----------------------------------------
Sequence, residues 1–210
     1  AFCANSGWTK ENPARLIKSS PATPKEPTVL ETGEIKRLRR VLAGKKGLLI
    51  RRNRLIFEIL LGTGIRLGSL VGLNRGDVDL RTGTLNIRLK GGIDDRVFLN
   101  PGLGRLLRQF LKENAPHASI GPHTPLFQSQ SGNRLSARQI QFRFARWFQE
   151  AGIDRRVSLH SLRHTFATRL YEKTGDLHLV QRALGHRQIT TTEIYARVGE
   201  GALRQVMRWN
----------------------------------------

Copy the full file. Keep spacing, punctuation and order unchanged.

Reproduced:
Sequence, residues 1–210
     1  AFCANSGWTK ENPARLIKSS PATPKEPTVL ETGEIKRLRR VLAGKKGLLI
    51  RRNRLIFEIL LGTGIRLGSL VGLNRGDVDL RTGTLNIRLK GGIDDRVFLN
   101  PGLGRLLRQF LKENAPHASI GPHTPLFQSQ SGNRLSARQI QFRFARWFQE
   151  AGIDRRVSLH SLRHTFATRL YEKTGDLHLV QRALGHRQIT TTEIYARVGE
   201  GALRQVMRWN